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    I raised 2 successful CEOs and a physician. For those who’re doing these 7 things, you are a greater parent than most

    The important thing to successful parenting is knowing that you simply are the most important role model in your child’s life. From a really young age, they may watch closely and model themselves after you, so the way you act has a big impact on their behavior.

    I prefer to think that mindful modeling helped me raise highly successful daughters: Susan was the CEO of YouTube, Janet is a physician, and Anne is the co-founder and CEO of 23andMe.

    Based on my experience as a mom and educator, if you happen to’re already modeling these seven behaviors, you are doing higher than most:

    1. You are generally punctual.

    For those who cannot make the appointment, a minimum of call or text to let the opposite person know. It is common courtesy, and it’s about being willing to see the situation from the opposite person’s perspective.

    Punctuality shows respect for people’s time. Being habitually late shows the other. That is something I all the time stress to my students, in addition to to my kids and grandkids.

    2. You’ve gotten a healthy relationship with technology.

    This can be a big one. A recent survey found that Americans check their phones a median of 144 times a day, resulting in what technology expert Linda Stone calls “continuous partial attention.”

    And modeling this behavior is not only bad for youths who have to think about their homework. A 2022 study found that young children whose moms reported higher phone usage had more trouble recovering from emotional stress.

    3. You’ve gotten a healthy relationship with food.

    What do your general eating habits appear to be? Caring for your health is the very best approach to teach your kids to do the identical.

    In my family, my grandkids learned to read food labels early, and so they know to avoid processed junk food. In my classes, students know that I confiscate soda. No exceptions! Their health is significant to me because I care about them as human beings.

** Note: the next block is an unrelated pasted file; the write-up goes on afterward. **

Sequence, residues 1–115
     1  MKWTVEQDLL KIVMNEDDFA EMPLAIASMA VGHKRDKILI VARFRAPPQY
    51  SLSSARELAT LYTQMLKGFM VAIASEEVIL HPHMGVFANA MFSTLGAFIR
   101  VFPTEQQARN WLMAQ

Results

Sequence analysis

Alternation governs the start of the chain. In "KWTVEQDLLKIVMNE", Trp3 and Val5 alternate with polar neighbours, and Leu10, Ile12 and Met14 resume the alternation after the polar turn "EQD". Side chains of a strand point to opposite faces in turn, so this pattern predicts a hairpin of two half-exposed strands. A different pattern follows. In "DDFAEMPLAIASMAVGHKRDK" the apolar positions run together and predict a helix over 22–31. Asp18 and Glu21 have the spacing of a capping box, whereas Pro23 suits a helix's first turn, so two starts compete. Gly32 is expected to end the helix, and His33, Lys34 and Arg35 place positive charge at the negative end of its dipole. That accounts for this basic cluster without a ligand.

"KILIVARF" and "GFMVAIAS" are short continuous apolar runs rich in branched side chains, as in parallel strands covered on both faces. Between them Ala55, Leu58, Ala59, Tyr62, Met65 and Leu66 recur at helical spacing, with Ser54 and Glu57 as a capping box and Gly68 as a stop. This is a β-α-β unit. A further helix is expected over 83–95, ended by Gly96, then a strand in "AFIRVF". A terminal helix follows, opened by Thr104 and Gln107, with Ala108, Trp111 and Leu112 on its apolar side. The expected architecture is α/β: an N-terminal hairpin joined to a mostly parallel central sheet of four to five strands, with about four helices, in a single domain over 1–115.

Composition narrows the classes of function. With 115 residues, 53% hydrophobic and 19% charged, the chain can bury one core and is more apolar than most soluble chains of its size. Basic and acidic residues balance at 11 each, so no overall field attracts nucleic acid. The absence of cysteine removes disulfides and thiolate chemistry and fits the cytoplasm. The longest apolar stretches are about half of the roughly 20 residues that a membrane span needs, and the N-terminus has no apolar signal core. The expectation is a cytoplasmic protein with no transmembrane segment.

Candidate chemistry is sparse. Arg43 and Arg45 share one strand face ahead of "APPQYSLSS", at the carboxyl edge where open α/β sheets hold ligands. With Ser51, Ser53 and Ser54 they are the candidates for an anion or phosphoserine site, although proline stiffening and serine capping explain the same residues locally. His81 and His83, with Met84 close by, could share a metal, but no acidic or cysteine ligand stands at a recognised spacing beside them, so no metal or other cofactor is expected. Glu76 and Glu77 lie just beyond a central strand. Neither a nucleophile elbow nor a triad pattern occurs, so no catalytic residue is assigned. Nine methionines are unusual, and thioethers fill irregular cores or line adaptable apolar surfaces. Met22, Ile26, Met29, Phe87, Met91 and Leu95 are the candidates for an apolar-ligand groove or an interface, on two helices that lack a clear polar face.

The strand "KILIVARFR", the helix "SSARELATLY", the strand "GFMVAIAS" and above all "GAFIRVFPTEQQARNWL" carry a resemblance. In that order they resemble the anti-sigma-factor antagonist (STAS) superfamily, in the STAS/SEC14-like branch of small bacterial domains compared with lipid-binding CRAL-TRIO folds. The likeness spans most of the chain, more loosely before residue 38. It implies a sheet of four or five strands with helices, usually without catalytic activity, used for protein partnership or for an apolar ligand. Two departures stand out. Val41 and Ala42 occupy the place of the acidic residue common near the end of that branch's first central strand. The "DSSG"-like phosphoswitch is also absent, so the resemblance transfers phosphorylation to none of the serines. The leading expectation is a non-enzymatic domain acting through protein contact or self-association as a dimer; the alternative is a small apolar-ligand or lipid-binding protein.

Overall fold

4. You prioritize family.

    Even in divorced households, parents should model collaboration and cooperation. Prioritizing family also means sharing experiences, good and bad. This teaches kids the right way to address whatever life throws at them.

    Among the best ways to show the importance of family is to have a good time together. The more positive experiences, the more support the kid feels. It will possibly be just playing a board game, or going to the park, or jumping on a trampoline together.

    5. You do not mislead your kids.

    I feel all parents mislead their children at times. We are saying things like, “I do not think the ice cream store is open now.” After some time, kids catch on. But not every type of lies are harmful. It is the lies about significant issues that create a scarcity of trust.

    Telling your child that nobody else goes to the show is a giant problem after they discover that everybody else went to the show. Trust is the muse of all relationships, and the final thing you need to do is break that.

    6. You do not lose your temper.

    All of us yell sooner or later. But are you inadvertently teaching your kids that yelling is an appropriate way of communicating? Do you curse but get mad when your kids use foul language?

    It does no good to fake your emotions, but it surely would help to understand that anger doesn’t make things higher. It is a selection and lifestyle that we would like our kids to avoid.

    7. You are willing to confess once you’re improper.

    All of us discuss kindness and forgiveness, but that doesn’t suggest we actually know the right way to practice them.

    In all my many years of teaching, I’ve learned to forgive my students regardless of what. That doesn’t suggest no punishments, but it surely does mean that I all the time give them a probability to make something right.

    Though it’s painful to confess once I’m improper, I’ve found that it’s less painful than attempting to cover up a mistake I’ve made. I’m all the time learning and growing, and I need to model that for the subsequent generations.

    Esther Wojcicki is an educator, journalist, and bestselling writer of ” Raise Successful People.” She can be the co-founder of Tract.app and the chief parenting office at Sesh. Follow her on Twitter @EstherWojcicki.

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